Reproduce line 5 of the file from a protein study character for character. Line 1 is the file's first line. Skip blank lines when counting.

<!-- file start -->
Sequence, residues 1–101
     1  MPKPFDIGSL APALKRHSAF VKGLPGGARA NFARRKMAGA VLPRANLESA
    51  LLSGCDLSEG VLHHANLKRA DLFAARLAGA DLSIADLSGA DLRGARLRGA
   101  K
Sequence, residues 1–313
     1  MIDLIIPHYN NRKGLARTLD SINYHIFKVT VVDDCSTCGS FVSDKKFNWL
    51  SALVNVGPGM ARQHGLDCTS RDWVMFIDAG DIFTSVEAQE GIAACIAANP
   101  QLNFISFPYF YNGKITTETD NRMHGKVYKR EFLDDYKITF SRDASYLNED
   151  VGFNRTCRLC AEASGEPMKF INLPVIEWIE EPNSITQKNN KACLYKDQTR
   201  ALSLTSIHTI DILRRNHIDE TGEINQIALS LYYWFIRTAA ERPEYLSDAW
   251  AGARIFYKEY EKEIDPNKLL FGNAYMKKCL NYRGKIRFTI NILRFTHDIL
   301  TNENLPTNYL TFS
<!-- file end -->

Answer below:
Sequence, residues 1–313